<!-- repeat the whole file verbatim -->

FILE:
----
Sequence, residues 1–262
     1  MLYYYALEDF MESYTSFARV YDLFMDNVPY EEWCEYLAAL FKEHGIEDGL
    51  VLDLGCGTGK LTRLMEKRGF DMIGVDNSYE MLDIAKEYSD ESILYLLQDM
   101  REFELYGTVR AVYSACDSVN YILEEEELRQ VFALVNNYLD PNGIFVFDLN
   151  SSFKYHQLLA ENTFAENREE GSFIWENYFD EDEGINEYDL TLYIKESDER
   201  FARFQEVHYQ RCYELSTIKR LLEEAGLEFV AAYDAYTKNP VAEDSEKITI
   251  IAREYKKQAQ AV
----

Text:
Sequence, residues 1–262
     1  MLYYYALEDF MESYTSFARV YDLFMDNVPY EEWCEYLAAL FKEHGIEDGL
    51  VLDLGCGTGK LTRLMEKRGF DMIGVDNSYE MLDIAKEYSD ESILYLLQDM
   101  REFELYGTVR AVYSACDSVN YILEEEELRQ VFALVNNYLD PNGIFVFDLN
   151  SSFKYHQLLA ENTFAENREE GSFIWENYFD EDEGINEYDL TLYIKESDER
   201  FARFQEVHYQ RCYELSTIKR LLEEAGLEFV AAYDAYTKNP VAEDSEKITI
   251  IAREYKKQAQ AV